COVID-19 Response: Humanities Resources
While the COVID-19 crisis largely has brought regular arts and humanities programming to a standstill throughout the country, humanities communities and individuals have been adapting their work to be accessible even in these ever-changing and uncertain circumstances. See below to learn more about valuable humanities programming taking place throughout the region and the country. As the University of Kentucky's Center for the Humanities, we seek to do our part for the humanities community by promoting its good work, which is never more relevant and important than in times like these.
This list is regularly updated and expanded, so be sure to check back to see new resources and information!
We at the Gaines Center recently introduced a project titled "Over Yonder," a video conversation series on our YouTube channel in which we interview Kentucky artists, thinkers, and creatives to learn about their work and how they are adapting it to the "new normal" of the COVID-19 crisis.
The Kentucky Historical Society is taking its annual kids' summer camp online! "Virtual summer camps will come with a 'camp kit' full of crafts and activities based on a weekly theme. Our museum educators will meet with campers daily via an online platform to lead activity instruction and tour the museums. Kits can be picked up at the History Center or shipped for an additional fee." Registration ends June 30.
Cadence13, a leading premium podcast company, presents Hope, Through History, a limited-run documentary podcast series written and narrated by Pulitzer Prize-winning historian and New York Times bestselling author Jon Meacham. Meacham, who was the keynote speaker at the Gaines Center's 2018 Bale Boone Symposium, will explore five defining moments in time when America's leaders and citizens were forced to confront crises of historic magnitude, offering a rich and textured portrait of not only the events themselves, but also an overview of how they impacted the economy and culture, and how the country came together and emerged stronger on the other side.
Students explore the idea of 21st-century chivalry, especially in the time of COVID-19, in the context of its medieval origins.
"The Institute for the Humanities has announced a new streaming video series, House Calls: Virtual Studio Visits with Michigan Artists in a Pandemic. The series, which begins April 15, will feature virtual studio visits with ten artists across Michigan, produced via video chat with Institute for the Humanities curator and staff."
Appalshop, a Southeast Kentucky documentary organization, is digging deep into its archives of bluegrass performances to bring us this year's edition of their annual Seedtime on the Cumberland music festival. The lineup will feature archived performances by deceased legends and living masters alike, as well as livestreamed performances. Seedtime 2020 will take place on June 6.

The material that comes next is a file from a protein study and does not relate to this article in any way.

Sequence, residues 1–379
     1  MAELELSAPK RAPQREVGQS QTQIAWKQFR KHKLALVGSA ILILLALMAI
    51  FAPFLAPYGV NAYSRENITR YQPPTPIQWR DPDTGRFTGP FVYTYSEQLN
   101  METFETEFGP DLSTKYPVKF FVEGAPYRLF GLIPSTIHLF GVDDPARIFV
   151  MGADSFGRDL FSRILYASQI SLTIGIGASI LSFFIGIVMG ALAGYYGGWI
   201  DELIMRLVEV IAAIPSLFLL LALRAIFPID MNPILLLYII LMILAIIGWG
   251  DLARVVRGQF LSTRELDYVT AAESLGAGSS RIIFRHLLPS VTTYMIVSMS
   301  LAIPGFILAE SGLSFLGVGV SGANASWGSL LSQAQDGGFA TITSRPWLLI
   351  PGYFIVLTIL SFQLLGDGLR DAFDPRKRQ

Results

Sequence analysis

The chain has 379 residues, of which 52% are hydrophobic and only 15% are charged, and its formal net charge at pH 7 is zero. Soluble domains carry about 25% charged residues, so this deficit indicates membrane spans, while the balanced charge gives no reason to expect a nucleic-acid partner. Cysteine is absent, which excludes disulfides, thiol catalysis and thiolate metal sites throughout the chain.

"Here's how it works: we've curated films from our archive to screen and watch together. Some days we've shown home videos from here in Letcher County; other days we've shown full-length documentaries made by Appalshop filmmakers. We invite you to join us for all of our #AppalshopWatchParty screenings, and join your neighbors, too: because we're hosting Appalshop watch parties over Facebook, you can chat directly with other people as we all watch the film together for a true, socially-distanced community screening. We've also made our entire digital catalogue of films free to rent on Vimeo, and it will stay that way as long as this thing lasts. Just use code "watchparty" when you rent a film over Vimeo (and let us know what you choose to watch)!"
Lexington's Carnegie Center is offering its spring writing classes and creative resources for adults and children through virtual platforms.
"Are you part of a religious or spiritual community that has changed its practices due to the COVID-19 pandemic? Are you now participating in worship services online, meeting in small groups, or observing alone at home? What does your religious or spiritual practice sound like during this difficult time? The American Religious Sounds Project wants to hear from you!"
"One way to get through difficult times like these is by connecting to a community of people to talk, learn, and laugh. With this in mind, CPH invites you to grab a beverage of your choice and join us for a enjoy a conversation with various members of the UNC community each week for our Virtual Humanities Happy Hour. To comply with safe social distancing practices, these Virtual Humanities Happy Hours will all take place over Zoom. These hour long conversations will feature short presentations by various UNC faculty, followed by a Q&A session with the audience."